One of Barbara Winton’s sources was a diary her father kept while at school and for a short time after. It provides, she says, ‘a fascinating glimpse’ of his school life. She refers to the diaries intermittently in the early chapters, and occasionally quotes from them. The diaries provide information, she says, on his interest in rugby and fencing, but his dislike for cricket. At the back of the diaries, he made lists of letters he had received and sent, and of books he had read. He recorded his position in class on an almost weekly basis (maths was his best subject). All the boys
, Barbara states, had to attend Officer Training Corps with a lot of marching about in uniform. Her father recorded before he started: ‘I don’t know what it will be like, I am dreading it.’ Later on, though, he described a tank demonstration as ‘ripping’ and commented, ‘I don’t think camp is so bad as I thought.’

Further diary snippets occur in Barbara Winton’s text as follows:

March 1929
‘We all went to a talkie film with the Hetheringtons. It has wonderful possibilities but I am not at all sure if it will catch on. The Americans are however making a large market by only producing these films and ceasing to produce a great number of the ordinary kind!’


Winton was involved with the setting up of the Stowe Club for Boys, also nicknamed the Pineapple Club after the pub, then defunct, where it was housed. On 28 January 1929, he noted: ‘Went to the Pineapple Club which is getting on very well. They have just had a boxing ring erected which they hope will stimulate interest in this sport! . . . At the club all went as usual. In other words both Leon and I went there with good intentions but found very little we could do especially as we have no experience of how a club should be run.’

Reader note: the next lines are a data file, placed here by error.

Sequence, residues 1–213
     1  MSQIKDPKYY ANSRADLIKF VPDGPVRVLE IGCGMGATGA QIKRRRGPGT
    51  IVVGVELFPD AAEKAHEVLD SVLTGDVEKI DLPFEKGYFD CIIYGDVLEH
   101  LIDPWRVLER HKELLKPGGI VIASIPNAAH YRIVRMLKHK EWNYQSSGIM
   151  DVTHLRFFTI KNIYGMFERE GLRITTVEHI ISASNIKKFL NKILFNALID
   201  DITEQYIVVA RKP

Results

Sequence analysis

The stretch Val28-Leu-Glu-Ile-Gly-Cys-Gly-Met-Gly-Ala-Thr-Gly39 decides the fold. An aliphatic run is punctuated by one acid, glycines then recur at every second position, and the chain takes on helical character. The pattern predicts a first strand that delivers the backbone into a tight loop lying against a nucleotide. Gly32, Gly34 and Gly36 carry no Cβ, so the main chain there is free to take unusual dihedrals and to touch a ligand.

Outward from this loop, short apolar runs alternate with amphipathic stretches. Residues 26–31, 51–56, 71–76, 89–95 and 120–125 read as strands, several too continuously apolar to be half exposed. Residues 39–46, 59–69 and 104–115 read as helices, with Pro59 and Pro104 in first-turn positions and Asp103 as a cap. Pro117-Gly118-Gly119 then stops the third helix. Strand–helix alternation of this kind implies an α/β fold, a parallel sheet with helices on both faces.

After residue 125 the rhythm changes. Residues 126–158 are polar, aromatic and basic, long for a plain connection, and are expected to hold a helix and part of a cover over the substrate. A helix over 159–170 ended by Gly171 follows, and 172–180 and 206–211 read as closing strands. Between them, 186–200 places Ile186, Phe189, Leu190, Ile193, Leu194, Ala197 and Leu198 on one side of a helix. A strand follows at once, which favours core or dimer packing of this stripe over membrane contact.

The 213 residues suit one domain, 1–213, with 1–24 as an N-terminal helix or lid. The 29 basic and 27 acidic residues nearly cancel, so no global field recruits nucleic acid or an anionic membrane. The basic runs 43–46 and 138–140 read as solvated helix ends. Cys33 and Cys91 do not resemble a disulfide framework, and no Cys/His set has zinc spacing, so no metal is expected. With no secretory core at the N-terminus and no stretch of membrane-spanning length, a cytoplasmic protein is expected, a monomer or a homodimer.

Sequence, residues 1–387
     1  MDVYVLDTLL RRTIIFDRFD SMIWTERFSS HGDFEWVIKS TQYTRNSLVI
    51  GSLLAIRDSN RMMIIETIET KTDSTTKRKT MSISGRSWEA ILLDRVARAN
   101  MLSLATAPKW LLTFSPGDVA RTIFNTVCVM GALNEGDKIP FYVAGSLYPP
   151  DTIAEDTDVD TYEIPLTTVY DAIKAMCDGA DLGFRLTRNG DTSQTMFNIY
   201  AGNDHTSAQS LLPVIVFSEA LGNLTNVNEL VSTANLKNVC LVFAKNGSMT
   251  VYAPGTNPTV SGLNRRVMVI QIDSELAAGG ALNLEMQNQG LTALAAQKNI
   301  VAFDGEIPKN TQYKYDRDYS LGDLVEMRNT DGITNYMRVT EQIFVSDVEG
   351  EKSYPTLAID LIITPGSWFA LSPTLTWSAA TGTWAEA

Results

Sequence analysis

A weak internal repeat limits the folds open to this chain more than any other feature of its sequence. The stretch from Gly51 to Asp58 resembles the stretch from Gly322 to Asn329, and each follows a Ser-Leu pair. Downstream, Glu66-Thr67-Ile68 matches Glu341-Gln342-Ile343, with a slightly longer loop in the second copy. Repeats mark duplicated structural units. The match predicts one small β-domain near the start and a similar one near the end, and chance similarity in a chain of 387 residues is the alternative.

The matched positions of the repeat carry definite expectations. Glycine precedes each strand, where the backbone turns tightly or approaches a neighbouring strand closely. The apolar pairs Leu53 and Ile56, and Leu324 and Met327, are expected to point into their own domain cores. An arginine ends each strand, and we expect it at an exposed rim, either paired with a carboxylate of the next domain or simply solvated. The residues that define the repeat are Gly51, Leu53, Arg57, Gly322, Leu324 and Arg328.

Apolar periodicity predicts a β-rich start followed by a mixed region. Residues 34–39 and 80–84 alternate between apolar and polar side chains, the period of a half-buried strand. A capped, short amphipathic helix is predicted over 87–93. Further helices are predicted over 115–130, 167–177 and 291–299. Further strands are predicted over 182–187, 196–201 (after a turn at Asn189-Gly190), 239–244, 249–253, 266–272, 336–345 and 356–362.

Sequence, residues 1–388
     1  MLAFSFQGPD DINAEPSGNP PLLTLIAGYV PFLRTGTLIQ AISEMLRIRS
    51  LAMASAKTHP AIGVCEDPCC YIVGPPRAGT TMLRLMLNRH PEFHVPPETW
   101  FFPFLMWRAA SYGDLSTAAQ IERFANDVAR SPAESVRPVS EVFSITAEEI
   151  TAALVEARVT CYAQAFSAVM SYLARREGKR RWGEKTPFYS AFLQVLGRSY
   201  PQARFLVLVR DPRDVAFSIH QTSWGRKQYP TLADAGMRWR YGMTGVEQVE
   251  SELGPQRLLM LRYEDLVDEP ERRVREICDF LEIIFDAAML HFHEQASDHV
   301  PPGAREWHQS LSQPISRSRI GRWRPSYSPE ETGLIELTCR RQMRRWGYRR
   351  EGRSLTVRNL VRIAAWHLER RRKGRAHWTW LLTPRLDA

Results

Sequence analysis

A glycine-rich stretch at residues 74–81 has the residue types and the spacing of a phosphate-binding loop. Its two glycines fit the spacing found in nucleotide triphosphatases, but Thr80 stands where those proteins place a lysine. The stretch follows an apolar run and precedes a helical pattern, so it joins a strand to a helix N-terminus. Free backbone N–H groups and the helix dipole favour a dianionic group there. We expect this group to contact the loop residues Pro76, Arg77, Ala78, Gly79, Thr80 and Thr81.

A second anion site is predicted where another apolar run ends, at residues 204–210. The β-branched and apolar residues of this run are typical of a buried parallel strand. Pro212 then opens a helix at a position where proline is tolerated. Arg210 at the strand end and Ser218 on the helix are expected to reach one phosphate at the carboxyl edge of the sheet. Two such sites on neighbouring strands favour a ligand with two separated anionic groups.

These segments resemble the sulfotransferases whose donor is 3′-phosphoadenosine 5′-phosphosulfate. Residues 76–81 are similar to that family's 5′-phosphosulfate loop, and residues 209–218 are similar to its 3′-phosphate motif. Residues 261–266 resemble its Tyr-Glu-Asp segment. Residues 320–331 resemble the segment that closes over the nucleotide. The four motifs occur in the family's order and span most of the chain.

Aged 19, Winton formed a relationship with a girl called Elizabeth. ‘Went to lunch and tea at Mr Sala’s. I danced with Elizabeth to their gramophone & Miss Anderson (her governess) did a few spiritualistic stunts in which she seems to believe.’

‘Out for tea with Eliz - I think she is pretty & certainly interesting.’

‘I went to Eliz for supper after which we went to the Empire to see one of the new talkie films. I shall be sorry to leave E as we have got very friendly in a very short time & 3 years of correspondence well - perhaps I can?’


Winton started work in a bank on 1 February 1927, and wrote in his diary, ‘BUSINESS!!’ The next day, ‘I worked very hard and feel that I am getting on well. I am beginning to understand the work. It is tedious sitting in a chair for 8 hours but work is work. Father explains all I do not understand in the evening.’


‘I had a 1/3½ lunch at Lyons. It is a cheap but dirty place and although you get served fast, one is uncomfortable.’


It is safe to say, Barbara Winton writes, looking at his diaries of 1929 and 1930 (the latter only filled in until May, and no further diaries written), ‘that he threw himself into life in Hamburg, mixing with a wide group of friends rather than a particular one or two’.